Cancer is a dreaded disease. A cancer prognosis could change one’s life in many ways. This keynote was a personal account of how I developed and tested existential positive psychology (or PP 2.0) as a resilient way to cope with cancer and suffering. After discussing the inadequacies of positive psychology (PP 1.0) as usual in coping with the horrors of human existence, and the need for PP 2.0, I proposed 12 basic rules of resilience based on time-tested wisdoms and psychological research. These principles are as follows: (1) Courage to face reality; (2) Faith in self, others and God; (3) Knowing yourself and your purpose in life; (4) Self-transcendence; (5) An appreciative attitude; (6) Compassion; (7) A growth mindset; (8) A dialectic view of life; (9) The dual-system model of coping; (10) A double vision; (11) Effective coping; and (12) Acceptance and surrendering.

Cancer is a fitting metaphor for the evil and suffering of life, because it brings pain and death to everyone, even innocent children and adults who practice a healthy lifestyle. Cancer symbolizes the inherent fragility and brevity of human life—the undeniable universal fact that no matter what we do to protect ourselves, we can all be injured physically and psychologically by toxic and violent people, broken relationships, traumatic events, pathogens, accidents, loss, aging, illness, and death.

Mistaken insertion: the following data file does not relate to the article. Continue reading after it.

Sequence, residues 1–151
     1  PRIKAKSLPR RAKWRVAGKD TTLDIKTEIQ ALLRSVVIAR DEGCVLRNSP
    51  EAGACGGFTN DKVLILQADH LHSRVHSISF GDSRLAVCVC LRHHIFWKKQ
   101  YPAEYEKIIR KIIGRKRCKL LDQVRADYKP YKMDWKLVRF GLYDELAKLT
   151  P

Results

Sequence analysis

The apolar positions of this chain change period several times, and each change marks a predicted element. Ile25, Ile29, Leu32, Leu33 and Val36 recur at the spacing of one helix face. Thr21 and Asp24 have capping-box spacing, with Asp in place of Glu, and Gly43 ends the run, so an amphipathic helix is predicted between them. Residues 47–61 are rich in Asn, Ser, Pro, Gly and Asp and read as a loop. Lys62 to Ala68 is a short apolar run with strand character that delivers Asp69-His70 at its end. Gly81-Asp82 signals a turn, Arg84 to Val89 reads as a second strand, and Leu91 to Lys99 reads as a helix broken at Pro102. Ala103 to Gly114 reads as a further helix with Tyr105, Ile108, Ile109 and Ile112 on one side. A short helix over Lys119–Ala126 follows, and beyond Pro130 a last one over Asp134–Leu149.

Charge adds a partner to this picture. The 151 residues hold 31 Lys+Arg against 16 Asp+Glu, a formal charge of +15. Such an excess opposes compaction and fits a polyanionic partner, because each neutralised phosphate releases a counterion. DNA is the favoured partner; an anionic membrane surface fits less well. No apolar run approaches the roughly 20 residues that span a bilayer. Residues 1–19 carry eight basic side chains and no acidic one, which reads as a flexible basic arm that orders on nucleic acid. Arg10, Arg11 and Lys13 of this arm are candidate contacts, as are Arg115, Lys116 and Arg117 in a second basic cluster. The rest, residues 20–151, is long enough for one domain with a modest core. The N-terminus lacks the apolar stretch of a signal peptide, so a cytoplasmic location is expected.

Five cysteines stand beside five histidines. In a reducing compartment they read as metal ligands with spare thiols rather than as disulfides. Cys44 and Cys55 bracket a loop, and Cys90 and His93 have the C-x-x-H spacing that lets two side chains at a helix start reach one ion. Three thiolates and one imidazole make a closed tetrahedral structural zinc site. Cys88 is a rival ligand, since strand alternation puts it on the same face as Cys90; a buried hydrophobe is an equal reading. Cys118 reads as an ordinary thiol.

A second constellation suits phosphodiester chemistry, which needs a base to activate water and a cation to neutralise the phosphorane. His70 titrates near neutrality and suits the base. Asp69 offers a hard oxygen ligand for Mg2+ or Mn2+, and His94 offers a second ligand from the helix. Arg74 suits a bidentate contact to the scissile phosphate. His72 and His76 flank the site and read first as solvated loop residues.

Thus, the challenge confronting us is how we can survive, thrive, and be happy given the horrible burden of living. I proposed existential positive psychology (EPP) (Wong, 2009b, 2016a) or second wave positive psychology (PP 2.0) (Wong, 2011) precisely because of my conviction that we need a realistic and helpful answer to the tragic human condition.

Coping with the most aggressive type of prostate cancer (Gleason Score 9) allowed me to experientially test and validate the key principles of PP 2.0. This paper explains how these principles can help people live life to the fullest, even while struggling in the presence of the Grim Reaper…

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Wong, P. T. P. (2018, August 3). Living with cancer: A case for PP 2.0. Keynote presented at the 10th Biennial International Meaning Conference of the International Network on Personal Meaning, Vancouver, B.C., Canada.